After a tough final few chapters, I’ve finally got he entire first draft of Grimblades in the bag.
It was actually pretty plain sailing up until that last little stretch, though I will say a lull in my writing fervour on account of oink flu didn’t help matters.
I finished up the last few bits and pieces of my housekeeping on the novel this morning (and some of this afternoon), and by that I mean spelling and grammar checks, looking out for repeated words, a last survey for typos, re-reading those final few chapters (again), a bit of fact checking and going through my little to-do list that accumulated during the writing of the project.
On a tangent, it’s not a bad idea to make one of these lists during the writing of a novel or other large work. There’s always something that you miss, some inconsistency you might have introduced by mistake or a gap you left to fill in later – writing these down and going back to them at the end is a good idea. Having the list to hand helps you make sure you’ve missed nothing (well, as little as you can). It also allows you to ignore niggles, so as not to interrupt your flow, and get on with the business of actually writing and not editing.
Remember that A4 print out of writerly wisdom I was banging on about last time? Well here’s another one: ‘No writer can stand the attentions of the persistent editor’. I’m not talking about the editor as in the person who reads your book and says what they liked or didn’t like about it, I’m talking about that little voice which exists in all writers, that perfection, that inner-editor, the dark side that can derail even the healthiest writing regimen.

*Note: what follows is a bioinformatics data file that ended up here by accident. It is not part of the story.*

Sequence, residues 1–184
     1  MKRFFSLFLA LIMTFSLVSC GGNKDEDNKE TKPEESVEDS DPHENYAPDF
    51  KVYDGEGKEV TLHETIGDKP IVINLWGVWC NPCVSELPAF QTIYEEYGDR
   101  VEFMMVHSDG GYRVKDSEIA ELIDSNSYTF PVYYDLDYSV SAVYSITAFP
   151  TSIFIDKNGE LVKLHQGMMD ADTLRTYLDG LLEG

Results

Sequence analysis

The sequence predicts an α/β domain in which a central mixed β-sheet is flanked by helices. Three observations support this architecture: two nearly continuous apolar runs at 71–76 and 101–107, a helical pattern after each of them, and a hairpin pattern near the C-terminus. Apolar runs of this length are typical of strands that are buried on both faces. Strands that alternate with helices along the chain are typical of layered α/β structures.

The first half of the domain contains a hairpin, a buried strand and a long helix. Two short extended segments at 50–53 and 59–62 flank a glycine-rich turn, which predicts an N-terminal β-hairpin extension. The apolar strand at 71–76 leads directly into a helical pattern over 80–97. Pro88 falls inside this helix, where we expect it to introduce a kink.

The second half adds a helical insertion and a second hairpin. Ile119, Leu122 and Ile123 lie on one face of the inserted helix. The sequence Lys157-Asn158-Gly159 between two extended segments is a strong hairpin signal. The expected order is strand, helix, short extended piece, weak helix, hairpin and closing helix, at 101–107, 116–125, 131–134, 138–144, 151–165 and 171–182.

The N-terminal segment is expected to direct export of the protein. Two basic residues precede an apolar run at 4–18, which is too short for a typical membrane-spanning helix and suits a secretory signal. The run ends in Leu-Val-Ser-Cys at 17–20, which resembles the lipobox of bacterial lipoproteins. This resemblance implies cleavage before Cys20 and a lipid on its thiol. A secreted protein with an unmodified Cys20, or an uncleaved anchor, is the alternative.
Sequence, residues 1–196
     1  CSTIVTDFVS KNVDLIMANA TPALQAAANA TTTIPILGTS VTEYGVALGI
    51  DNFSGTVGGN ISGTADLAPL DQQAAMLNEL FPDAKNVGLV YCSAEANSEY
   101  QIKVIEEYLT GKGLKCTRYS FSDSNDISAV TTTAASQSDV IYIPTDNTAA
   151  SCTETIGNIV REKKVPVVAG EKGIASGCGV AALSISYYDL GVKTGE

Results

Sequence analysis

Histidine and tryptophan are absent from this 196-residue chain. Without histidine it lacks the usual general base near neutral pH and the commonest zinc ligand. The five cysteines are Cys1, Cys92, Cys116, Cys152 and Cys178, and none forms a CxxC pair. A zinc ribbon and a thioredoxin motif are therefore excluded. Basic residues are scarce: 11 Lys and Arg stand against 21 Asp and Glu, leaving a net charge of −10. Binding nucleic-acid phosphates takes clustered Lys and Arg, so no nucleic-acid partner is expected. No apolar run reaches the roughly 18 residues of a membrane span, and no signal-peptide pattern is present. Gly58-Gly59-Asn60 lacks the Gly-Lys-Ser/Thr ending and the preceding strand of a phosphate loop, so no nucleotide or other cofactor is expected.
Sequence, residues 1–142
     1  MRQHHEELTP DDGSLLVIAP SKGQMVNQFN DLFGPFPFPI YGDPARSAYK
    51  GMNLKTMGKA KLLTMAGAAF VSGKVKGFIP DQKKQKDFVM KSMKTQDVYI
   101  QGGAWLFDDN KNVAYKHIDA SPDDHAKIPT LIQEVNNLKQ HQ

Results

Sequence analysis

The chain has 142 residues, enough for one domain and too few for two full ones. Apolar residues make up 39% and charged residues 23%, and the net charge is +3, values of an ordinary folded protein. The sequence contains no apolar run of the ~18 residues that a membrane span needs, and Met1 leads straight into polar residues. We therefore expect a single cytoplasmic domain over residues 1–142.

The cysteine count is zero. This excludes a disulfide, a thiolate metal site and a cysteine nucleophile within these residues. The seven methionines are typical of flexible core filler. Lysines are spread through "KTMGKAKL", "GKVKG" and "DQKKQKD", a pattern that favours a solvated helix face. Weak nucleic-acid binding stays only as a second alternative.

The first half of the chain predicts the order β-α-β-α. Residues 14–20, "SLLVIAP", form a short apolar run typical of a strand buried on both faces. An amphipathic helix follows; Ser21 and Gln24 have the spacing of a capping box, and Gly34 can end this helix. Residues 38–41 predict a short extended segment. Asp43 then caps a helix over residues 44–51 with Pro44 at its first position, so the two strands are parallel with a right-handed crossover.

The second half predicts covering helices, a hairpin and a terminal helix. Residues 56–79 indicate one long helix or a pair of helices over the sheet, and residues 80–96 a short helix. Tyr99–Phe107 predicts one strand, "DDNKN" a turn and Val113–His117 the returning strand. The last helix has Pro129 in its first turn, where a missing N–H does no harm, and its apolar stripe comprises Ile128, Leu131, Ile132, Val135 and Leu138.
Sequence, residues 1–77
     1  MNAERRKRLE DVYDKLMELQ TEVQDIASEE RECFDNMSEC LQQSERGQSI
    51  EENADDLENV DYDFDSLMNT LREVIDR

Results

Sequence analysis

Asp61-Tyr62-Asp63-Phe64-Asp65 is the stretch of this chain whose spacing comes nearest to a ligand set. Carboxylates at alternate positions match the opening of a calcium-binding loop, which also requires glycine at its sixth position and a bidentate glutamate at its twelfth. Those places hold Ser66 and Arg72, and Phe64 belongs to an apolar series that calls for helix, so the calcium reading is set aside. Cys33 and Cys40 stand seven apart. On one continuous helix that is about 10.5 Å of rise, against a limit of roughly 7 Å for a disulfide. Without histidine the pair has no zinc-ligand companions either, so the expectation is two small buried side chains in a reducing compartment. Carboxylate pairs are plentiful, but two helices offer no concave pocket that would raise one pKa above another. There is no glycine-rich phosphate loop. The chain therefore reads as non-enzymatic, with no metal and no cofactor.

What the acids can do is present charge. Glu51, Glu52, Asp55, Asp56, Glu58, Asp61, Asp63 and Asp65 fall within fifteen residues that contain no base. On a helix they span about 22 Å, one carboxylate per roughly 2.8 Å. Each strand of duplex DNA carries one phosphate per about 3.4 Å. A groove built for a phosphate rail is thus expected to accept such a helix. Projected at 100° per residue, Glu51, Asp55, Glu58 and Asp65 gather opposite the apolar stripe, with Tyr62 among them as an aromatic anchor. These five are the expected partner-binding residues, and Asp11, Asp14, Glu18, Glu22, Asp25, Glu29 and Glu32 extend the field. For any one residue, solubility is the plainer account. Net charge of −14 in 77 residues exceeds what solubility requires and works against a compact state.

Bring ‘em in, do that, it’s a good idea, but leave until the end or after a chapter, or anywhere so long as it’s not stopping you from writing.
So, the list. I definitely works for me.
There’s always a sense of relief and elation at finishing a novel (depending on whether it was a joy/horror to write – relief is usually guaranteed – elation not so much). Seeing that word count flick up and you’ve reached your target (or thereabouts) is nice. ‘Books should always be as long as they need to be’, someone said to me – that’s right, but do try and hit your agreed word count. Any less and you’re selling your editor short, any more and you could be selling yourself short.
Grimblades in the can then, the next step for me is to get it to my editor and await feedback. Despite my housekeeping (which is usually pretty diligent), I’m sure a few errors (hopefully minor) will have crept in but that’s what read throughs, copy editors and proof readers are for. Still, doesn’t hurt to be fastidious – editor’s like that (take it from me – I know they do).
While that’s ticking over and being scrutinised under the editor’s beady eye, I’ll be turning my attention to new projects. Next up, novel-wise, is Firedrake, the sequel to Salamander, but before that I have a couple of shorter projects to sink my teeth into. More of that in another post.
For now, Grimblades is done and I am heartily pleased with it. I hope fans of Warhammer and the Empire Army series will enjoy it as much as I did writing it (even those last tricky chapters – they turned out very well, though). The book is out July 2010 – I hope you all go and buy it and love it. There, pitch over.